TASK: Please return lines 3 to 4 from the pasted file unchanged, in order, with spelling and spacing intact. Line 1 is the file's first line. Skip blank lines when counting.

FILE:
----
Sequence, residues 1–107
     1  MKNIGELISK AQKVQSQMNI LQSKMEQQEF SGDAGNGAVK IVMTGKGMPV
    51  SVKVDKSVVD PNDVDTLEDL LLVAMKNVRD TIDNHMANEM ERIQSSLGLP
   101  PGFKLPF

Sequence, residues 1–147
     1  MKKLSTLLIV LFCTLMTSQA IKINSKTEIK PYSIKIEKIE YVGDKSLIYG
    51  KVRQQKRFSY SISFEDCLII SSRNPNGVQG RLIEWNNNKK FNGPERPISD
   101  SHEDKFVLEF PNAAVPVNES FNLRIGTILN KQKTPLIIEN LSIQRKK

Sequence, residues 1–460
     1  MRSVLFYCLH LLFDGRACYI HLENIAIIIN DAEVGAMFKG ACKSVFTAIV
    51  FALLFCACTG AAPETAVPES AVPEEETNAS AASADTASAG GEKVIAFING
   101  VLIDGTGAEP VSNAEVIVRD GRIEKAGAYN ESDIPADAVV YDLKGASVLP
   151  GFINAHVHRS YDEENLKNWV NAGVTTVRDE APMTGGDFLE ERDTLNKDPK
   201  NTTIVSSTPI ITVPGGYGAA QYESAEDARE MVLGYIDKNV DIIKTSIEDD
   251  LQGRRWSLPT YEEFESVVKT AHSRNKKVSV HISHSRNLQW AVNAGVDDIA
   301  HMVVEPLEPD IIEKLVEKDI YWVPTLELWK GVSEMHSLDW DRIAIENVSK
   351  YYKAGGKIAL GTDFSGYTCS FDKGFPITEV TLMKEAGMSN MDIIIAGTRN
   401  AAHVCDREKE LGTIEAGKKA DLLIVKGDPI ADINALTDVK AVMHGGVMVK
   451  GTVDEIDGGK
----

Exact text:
    51  SVKVDKSVVD PNDVDTLEDL LLVAMKNVRD TIDNHMANEM ERIQSSLGLP
   101  PGFKLPF